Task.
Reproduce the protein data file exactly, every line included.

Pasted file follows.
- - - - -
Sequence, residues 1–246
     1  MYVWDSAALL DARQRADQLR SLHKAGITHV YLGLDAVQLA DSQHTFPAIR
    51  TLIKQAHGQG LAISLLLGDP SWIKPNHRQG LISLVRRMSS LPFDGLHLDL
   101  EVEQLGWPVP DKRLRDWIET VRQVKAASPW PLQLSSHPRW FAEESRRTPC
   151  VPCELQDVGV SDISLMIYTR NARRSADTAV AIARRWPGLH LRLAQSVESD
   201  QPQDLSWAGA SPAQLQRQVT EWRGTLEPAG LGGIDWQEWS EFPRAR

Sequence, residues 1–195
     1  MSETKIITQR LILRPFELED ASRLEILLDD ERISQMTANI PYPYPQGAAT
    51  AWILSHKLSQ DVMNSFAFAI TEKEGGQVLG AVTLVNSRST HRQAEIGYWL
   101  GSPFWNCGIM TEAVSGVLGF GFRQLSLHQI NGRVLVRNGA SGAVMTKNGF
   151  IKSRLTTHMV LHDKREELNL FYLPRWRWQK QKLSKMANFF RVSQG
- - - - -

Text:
Sequence, residues 1–246
     1  MYVWDSAALL DARQRADQLR SLHKAGITHV YLGLDAVQLA DSQHTFPAIR
    51  TLIKQAHGQG LAISLLLGDP SWIKPNHRQG LISLVRRMSS LPFDGLHLDL
   101  EVEQLGWPVP DKRLRDWIET VRQVKAASPW PLQLSSHPRW FAEESRRTPC
   151  VPCELQDVGV SDISLMIYTR NARRSADTAV AIARRWPGLH LRLAQSVESD
   201  QPQDLSWAGA SPAQLQRQVT EWRGTLEPAG LGGIDWQEWS EFPRAR

Sequence, residues 1–195
     1  MSETKIITQR LILRPFELED ASRLEILLDD ERISQMTANI PYPYPQGAAT
    51  AWILSHKLSQ DVMNSFAFAI TEKEGGQVLG AVTLVNSRST HRQAEIGYWL
   101  GSPFWNCGIM TEAVSGVLGF GFRQLSLHQI NGRVLVRNGA SGAVMTKNGF
   151  IKSRLTTHMV LHDKREELNL FYLPRWRWQK QKLSKMANFF RVSQG